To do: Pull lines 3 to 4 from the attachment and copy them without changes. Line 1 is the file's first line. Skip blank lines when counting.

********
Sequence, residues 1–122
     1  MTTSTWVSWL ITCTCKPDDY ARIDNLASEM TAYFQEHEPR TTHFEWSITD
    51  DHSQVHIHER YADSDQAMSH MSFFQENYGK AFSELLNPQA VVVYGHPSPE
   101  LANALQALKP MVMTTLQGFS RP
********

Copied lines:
    51  DHSQVHIHER YADSDQAMSH MSFFQENYGK AFSELLNPQA VVVYGHPSPE
   101  LANALQALKP MVMTTLQGFS RP